IKEA produces more renewable energy than they consume in the Nordics

2014-12-16

The IKEA Group continues its work on fossil-free electricity supply. Its third Swedish wind farm from OX2 – Glötesvålen in Härjedalen – was put into operation in December, which means that the furniture company is now producing more renewable energy than they consume in the Nordic countries. OX2 is responsible for the technical and commercial management of the wind farm.

The IKEA Group wants to take a leading role towards a low-carbon society by shifting to renewable energy and energy efficiency in all areas of business. Globally, its long term goal is to become energy independent by 2020, and 1.5 billion Euro will be invested in solar and wind energy for its own operations. A milestone is reached with the takeover of Glötesvålen and its 30 wind turbines, as it means that IKEA will be able to produce more renewable energy than it consumes in the Nordic countries.

IKEA has already acquired the Rämsberget and Korpfjället wind farms from OX2. These consist of 7 and 9 wind turbines and together with the 30 turbines on Glötesvålen, IKEA now owns as much as 46 wind turbines in Sweden.

Glötesvålen has been put into operation in December 2014 and OX2 is responsible of the technical and commercial management of the three wind farms. Learn more about Glötesvålen.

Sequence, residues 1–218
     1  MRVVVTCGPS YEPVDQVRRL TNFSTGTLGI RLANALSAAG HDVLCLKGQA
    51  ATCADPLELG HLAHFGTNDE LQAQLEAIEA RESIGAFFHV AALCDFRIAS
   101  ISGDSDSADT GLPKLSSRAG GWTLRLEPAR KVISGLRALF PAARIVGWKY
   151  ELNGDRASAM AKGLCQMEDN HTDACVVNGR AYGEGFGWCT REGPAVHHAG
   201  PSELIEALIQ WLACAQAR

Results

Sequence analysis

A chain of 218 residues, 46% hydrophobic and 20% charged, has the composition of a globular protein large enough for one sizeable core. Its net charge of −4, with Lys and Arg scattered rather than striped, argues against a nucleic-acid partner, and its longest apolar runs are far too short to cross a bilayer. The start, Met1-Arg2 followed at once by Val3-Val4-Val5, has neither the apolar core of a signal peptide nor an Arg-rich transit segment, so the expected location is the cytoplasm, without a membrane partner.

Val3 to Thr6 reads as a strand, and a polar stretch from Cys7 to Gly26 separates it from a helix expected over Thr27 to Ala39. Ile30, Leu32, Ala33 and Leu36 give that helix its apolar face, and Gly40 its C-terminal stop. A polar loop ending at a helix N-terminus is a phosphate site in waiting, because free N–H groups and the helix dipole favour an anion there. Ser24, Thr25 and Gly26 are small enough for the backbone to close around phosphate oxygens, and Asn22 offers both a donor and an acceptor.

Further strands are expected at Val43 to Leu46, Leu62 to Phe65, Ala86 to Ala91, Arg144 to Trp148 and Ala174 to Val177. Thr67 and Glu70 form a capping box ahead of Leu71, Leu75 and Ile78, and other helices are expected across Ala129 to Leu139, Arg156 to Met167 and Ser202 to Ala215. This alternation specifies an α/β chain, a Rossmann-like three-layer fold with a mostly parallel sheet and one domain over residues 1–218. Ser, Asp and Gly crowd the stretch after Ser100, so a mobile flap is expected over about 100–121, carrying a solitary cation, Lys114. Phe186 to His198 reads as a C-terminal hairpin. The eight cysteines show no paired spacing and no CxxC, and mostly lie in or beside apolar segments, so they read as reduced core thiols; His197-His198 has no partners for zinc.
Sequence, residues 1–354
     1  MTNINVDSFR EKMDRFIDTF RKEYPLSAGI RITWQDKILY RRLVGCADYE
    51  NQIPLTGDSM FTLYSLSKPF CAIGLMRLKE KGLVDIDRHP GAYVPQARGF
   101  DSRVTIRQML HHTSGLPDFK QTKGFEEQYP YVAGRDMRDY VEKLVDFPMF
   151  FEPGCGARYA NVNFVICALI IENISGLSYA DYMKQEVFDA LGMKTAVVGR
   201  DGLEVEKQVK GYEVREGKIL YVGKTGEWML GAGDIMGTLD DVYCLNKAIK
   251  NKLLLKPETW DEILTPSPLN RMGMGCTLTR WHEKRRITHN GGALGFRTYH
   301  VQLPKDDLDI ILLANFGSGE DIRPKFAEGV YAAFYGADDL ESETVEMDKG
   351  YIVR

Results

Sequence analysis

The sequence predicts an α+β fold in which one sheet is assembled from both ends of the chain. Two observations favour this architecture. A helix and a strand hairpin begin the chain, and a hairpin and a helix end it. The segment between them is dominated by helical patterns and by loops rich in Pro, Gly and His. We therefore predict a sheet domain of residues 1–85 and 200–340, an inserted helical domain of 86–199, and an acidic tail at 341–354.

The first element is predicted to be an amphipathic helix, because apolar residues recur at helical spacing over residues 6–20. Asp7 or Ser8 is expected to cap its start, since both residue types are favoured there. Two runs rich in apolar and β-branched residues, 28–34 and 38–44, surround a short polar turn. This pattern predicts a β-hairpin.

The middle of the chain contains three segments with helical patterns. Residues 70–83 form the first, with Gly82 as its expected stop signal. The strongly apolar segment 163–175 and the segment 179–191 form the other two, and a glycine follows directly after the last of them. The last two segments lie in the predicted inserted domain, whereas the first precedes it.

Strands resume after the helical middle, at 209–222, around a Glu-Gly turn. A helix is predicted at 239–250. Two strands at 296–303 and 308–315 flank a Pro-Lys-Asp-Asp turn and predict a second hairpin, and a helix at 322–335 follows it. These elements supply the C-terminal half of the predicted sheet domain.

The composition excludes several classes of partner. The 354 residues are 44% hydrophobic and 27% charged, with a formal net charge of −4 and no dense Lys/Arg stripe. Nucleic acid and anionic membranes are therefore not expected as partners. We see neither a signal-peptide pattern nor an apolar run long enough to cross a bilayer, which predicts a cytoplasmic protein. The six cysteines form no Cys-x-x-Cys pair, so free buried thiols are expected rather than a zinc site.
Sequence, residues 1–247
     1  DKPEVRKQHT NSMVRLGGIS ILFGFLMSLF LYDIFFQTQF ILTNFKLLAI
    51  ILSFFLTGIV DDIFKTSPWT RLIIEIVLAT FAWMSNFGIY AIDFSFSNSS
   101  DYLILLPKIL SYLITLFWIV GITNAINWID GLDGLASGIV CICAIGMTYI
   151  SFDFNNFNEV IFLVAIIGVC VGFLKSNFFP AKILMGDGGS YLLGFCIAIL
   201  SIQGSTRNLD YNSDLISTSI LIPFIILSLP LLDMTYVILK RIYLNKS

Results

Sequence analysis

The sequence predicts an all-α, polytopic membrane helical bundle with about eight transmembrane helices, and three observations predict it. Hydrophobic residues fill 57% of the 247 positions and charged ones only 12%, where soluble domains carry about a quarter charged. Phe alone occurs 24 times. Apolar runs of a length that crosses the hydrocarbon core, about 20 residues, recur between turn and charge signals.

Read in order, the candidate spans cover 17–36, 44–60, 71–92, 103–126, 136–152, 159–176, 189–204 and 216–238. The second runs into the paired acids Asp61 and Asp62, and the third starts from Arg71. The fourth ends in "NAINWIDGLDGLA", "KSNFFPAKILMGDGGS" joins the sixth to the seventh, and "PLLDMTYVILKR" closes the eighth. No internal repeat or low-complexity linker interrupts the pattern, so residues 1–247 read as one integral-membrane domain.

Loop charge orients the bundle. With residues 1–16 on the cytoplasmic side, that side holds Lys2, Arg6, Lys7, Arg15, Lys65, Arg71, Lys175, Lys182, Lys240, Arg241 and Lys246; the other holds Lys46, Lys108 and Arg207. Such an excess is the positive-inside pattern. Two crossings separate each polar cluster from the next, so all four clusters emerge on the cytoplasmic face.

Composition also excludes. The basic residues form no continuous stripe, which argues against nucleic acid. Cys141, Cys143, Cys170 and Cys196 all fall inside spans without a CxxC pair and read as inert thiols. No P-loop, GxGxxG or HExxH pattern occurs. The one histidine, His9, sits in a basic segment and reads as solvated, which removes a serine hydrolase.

Inauguration of the park will take place in late spring 2015. Until then, enjoy the breathtaking panoramic views of Glötesvålen below. Photo: Jann Lipka.

Facts about the Glötesvålen wind farm

The wind farm with 30 turbines is located on Glötesvålen, about 40 kilometers northwest of Sveg in southwestern Härjedalen, Sweden.

It is one of the best wind sites with a highest point of 1010 m asl. The wind has been measured for more than ten years. The average annual wind is extremely good with 8.1 m/s and during the cold winter months it’s over 9 m/s. Glötesvålen is a selected area of the municipality’s comprehensive plan and by the Swedish Energy Agency (Energimyndigheten) selected as national interest for wind farms.

The park is expected to produce 220 GWh/year, equivalent to the annual consumption of household electricity for approximately 48,000 households. It enables a reduction in carbon emissions by up to 176,000 tonnes per year (Energy Agency’s calculation).

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